Best Defense is Accepting Consequences: Adrian Peterson

“You have shown no meaningful remorse for your conduct.” – NFL on Adrian Peterson Decision

 The purpose of Sports Ethics training is not to make fans feel good. The training is also not to make athletes feel good or their teams or their organizations. Sports Ethics views choices and we view the consequences of those choices — we try our hardest to learn from them. I have no doubt this post will lose me followers. Or it may gain a few.

Adrian PetersonAt the outset I also want to say that this post is not a love letter to Roger Goodell. As someone who speaks on ethics virtually every day of the year, I believe the NFL has done virtually everything in its power to unethically protect its shield for far too long. The NFL and many team owners, in my opinion, have gone out of their way to overlook serious violations of the law on an ongoing basis.

Again, in my opinion, the NFL spent far too long in the shadows watching its players engage in acts that would have landed most of us fans in jail. I blame Goodell, in part, for the laissez fare attitude that allowed this to happen.

So the NFL started to dust off its policies on personal conduct and behavior. It had no choice.

Adrian Peterson and “the switch”

This post is also no love letter to Adrian Peterson. Yes, I get he is a phenomenal football player. For the moment, I will make pretend Adrian Peterson is not a football player with tens of thousands of fans, friends and followers. I will instead pretend he is my co-worker and that I work for a large company.

My co-worker has just been arrested. My co-worker is a big, strong man; a physically powerful and intimidating man. He got angry at his four year-old child because the child was playing around. My co-worker got so mad at his little boy that he jammed the child’s mouth with leaves so he couldn’t cry out and then he took a stick and beat the little boy so bad that he had to go to the hospital. When the doctors examined the child, they found bleeding, welts and bruises all over his body, including damage to his testicles.

There is also psychological harm and that will manifest itself later; over and over and over. When my co-worker was hauled before a judge, his rationale was, “My daddy did that to me.” When they went to the four year-old and asked him why he didn’t complain, the child said he was afraid my co-worker and his father would punch him.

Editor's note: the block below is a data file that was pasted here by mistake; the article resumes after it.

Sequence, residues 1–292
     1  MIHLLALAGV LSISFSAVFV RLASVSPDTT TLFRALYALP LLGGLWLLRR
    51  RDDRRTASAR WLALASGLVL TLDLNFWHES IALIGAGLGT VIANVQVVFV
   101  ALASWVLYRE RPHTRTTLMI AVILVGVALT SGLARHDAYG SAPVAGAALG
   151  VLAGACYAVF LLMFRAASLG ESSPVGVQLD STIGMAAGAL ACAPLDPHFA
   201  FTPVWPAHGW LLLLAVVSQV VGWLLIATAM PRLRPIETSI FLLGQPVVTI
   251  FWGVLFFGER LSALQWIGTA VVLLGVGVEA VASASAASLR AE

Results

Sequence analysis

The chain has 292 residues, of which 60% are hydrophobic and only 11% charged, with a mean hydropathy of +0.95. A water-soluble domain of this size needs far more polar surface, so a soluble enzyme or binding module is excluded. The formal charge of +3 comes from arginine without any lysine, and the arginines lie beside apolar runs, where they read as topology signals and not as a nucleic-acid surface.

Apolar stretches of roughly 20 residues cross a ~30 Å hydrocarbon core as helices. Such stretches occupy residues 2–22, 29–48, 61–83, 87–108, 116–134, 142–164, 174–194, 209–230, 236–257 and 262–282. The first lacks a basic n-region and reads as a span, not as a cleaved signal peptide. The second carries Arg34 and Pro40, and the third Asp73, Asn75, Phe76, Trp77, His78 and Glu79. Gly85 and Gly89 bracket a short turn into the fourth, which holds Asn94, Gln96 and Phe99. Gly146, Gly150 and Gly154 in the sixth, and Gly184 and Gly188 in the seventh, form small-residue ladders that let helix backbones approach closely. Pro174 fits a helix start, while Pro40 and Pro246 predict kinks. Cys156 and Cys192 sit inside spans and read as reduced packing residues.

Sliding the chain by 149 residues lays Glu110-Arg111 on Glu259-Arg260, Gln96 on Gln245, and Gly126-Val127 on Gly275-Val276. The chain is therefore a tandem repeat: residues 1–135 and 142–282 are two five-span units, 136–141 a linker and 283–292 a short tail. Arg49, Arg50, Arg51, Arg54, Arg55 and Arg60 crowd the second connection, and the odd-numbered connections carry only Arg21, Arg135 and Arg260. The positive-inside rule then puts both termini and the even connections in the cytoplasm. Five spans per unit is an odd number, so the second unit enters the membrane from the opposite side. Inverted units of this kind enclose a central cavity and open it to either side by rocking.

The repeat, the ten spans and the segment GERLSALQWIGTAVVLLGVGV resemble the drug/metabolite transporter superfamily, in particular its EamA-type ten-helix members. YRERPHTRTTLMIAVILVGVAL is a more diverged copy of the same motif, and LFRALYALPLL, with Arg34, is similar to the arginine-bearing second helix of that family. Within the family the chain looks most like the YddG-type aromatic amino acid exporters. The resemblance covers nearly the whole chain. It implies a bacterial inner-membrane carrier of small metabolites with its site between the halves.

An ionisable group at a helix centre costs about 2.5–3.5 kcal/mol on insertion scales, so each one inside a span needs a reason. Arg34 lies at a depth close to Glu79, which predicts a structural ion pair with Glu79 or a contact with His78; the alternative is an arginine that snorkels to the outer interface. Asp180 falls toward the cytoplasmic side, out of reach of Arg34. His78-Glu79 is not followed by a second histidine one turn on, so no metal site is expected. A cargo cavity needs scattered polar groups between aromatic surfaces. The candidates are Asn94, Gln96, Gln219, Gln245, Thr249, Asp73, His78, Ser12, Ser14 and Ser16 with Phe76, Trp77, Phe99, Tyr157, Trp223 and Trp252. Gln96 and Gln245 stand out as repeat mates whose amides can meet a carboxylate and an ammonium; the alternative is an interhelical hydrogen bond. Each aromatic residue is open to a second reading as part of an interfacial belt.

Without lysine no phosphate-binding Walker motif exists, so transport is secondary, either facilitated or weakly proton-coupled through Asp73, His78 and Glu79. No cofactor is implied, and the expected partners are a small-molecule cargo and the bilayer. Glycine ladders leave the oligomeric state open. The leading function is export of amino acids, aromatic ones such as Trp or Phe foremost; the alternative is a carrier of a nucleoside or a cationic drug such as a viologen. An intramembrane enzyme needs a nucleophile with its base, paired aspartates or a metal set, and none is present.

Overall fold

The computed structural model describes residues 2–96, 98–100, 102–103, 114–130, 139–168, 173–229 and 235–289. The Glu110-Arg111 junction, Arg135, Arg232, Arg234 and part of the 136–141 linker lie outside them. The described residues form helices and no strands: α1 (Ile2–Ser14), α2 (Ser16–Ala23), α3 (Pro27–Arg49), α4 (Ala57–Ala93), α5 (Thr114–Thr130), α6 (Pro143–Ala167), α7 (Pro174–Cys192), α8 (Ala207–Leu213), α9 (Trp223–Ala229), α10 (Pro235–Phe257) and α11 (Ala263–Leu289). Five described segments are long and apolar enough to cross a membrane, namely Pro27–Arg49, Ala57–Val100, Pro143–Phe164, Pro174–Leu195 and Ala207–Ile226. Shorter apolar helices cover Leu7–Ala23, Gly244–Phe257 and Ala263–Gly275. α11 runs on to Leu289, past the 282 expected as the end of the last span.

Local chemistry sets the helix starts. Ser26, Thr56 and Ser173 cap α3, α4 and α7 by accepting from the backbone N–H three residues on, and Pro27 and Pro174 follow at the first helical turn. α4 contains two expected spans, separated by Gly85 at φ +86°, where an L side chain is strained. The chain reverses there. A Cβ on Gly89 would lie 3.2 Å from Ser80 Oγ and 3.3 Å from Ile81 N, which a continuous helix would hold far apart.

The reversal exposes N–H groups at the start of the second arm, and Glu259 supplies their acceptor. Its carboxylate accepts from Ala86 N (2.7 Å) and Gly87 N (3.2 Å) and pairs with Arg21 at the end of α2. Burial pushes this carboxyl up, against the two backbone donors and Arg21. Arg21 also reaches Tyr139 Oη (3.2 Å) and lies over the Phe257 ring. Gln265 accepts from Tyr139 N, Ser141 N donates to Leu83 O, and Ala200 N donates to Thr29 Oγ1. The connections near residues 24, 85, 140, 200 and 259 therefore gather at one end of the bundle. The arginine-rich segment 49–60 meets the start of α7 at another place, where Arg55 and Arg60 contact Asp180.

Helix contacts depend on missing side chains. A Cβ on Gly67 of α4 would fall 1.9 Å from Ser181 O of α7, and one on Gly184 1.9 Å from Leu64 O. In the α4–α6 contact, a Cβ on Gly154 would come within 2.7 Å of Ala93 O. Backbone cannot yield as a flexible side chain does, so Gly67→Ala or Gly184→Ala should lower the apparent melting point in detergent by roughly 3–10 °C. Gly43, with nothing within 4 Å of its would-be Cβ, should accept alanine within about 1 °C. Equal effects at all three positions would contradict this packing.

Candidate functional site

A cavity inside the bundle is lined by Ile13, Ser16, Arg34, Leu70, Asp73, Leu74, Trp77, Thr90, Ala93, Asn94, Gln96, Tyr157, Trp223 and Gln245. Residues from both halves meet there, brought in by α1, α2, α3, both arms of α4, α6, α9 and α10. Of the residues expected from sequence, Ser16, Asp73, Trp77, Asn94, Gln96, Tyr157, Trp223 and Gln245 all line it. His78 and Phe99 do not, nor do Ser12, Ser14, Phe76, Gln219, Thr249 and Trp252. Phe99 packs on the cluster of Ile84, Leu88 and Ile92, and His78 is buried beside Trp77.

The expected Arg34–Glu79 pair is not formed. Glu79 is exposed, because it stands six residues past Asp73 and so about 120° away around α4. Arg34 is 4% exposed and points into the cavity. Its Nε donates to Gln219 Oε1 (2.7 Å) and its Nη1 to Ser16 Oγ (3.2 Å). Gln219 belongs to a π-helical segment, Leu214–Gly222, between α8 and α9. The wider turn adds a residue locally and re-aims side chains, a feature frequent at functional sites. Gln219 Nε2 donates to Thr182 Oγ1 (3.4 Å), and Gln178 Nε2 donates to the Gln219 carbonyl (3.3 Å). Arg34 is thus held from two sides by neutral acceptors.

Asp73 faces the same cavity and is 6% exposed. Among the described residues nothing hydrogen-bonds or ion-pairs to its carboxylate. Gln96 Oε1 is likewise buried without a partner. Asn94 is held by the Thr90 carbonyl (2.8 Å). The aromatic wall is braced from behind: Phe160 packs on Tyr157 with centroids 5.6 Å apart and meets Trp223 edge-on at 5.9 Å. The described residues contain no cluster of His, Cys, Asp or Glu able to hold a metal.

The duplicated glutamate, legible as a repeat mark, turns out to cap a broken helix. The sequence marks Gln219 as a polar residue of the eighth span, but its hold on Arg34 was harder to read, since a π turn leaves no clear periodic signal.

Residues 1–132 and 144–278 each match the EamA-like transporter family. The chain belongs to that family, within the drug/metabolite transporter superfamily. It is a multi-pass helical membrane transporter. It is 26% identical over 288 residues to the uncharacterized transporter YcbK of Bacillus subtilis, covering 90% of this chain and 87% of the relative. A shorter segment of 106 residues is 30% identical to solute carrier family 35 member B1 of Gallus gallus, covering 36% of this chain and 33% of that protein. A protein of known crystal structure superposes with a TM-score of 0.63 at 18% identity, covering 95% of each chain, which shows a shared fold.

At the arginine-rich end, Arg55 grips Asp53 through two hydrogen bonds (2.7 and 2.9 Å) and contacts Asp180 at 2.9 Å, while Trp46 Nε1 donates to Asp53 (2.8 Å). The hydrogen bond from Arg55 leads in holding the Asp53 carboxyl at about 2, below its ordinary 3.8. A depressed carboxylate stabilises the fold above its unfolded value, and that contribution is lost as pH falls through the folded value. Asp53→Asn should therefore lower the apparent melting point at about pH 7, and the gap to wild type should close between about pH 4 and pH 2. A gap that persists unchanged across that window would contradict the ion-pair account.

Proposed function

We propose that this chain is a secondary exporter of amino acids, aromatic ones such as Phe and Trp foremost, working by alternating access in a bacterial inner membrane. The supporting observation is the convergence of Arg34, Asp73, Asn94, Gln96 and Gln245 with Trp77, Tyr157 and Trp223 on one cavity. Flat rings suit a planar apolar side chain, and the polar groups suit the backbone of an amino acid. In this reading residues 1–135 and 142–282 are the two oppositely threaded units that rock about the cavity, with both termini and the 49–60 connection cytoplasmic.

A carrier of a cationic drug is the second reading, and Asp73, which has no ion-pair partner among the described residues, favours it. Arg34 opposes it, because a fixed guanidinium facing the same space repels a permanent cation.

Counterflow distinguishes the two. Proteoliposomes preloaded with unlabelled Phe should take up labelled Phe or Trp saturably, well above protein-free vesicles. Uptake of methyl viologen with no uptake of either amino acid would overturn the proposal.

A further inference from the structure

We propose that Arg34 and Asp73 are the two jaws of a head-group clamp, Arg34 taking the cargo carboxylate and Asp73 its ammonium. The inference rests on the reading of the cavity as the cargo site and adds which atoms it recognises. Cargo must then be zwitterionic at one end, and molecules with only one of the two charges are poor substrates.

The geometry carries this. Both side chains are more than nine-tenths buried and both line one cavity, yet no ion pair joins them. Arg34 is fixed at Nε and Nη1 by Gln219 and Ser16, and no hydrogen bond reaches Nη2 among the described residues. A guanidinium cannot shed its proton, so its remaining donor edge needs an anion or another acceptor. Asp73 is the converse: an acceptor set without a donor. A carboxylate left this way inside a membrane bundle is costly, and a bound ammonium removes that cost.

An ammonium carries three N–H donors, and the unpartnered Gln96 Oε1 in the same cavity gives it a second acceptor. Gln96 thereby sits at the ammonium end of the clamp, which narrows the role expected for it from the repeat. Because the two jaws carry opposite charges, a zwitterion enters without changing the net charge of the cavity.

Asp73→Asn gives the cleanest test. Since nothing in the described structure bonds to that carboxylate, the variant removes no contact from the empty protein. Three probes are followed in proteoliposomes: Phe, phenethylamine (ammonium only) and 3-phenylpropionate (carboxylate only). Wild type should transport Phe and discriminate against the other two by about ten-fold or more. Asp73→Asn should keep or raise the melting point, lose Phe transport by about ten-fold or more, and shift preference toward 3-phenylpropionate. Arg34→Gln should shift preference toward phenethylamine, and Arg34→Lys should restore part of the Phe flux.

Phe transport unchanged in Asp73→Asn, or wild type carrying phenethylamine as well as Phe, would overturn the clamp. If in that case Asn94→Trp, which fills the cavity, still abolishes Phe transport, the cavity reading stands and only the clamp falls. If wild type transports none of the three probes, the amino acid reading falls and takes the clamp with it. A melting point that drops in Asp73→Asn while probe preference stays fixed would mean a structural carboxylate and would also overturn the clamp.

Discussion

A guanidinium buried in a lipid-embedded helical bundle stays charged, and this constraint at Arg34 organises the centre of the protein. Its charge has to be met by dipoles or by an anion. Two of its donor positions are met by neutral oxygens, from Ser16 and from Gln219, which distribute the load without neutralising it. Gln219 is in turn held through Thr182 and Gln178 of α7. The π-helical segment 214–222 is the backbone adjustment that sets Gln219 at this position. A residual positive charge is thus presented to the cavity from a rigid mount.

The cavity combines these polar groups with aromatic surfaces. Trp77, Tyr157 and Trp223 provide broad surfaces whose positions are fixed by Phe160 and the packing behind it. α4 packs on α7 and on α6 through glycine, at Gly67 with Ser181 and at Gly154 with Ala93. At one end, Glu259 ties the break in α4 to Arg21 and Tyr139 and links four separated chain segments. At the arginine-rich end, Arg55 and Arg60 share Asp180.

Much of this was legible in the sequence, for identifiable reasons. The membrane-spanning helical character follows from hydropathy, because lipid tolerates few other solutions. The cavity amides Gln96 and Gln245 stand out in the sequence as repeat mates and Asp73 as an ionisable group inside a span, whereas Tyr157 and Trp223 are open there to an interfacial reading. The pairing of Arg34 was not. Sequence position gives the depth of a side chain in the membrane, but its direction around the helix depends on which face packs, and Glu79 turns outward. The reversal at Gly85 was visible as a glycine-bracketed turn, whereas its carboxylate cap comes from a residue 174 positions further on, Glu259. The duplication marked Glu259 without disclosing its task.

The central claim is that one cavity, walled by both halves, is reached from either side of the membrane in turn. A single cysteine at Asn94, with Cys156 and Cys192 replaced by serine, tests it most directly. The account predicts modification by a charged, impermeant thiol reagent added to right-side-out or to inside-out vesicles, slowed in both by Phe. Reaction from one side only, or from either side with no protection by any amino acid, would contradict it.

My co-worker has been suspended without pay. My co-worker has shown no remorse. My co-worker’s union wants to protect him.

From what?

It is 2014, almost 2015. It is not 1855 or 1935. We have learned a lot. We have physicians who treat cases of child abuse – and they must report those cases to the police. We have child psychologists and adult psychologists who understand that we are not “rubber bands.” When children break, they sometimes break for good. We have child protection laws. For example, Adrian Peterson’s four-year old child cannot work in a factory or metal foundry.

Adrian Peterson’s child can play in a nursery school or attend a pre-kindergarten class; he should not be in a hospital after being beaten by a professional football player. You can justify it anyway you want it. Because your Great-grandfather beat your grand-father, and your father beat you into a hospital bed, does not make things OK.

Here is where the union meets the fans and meets Roger Goodell.

If the player’s union and its many lawyers, goes to war with the NFL and its many lawyers, and Peterson’s suspension without pay is reduced from six games to three, what exactly has been gained? Who has won?

Where is the four year-old child in all of this?

IF another case emerges where another football player uses a chain or a paddle or a cattle-prod on his three year-old girl, will we also support the union to get his job back? If you found out that your co-worker has done this before would you want to work with him? I think not.

The penalties for unethical behavior must be consistent. Whether a co-worker or a professional football player.

Adrian Peterson made a choice. He didn’t consult you or me when he made it. Now he must live with the consequences; accept them, and understand what he did.

 

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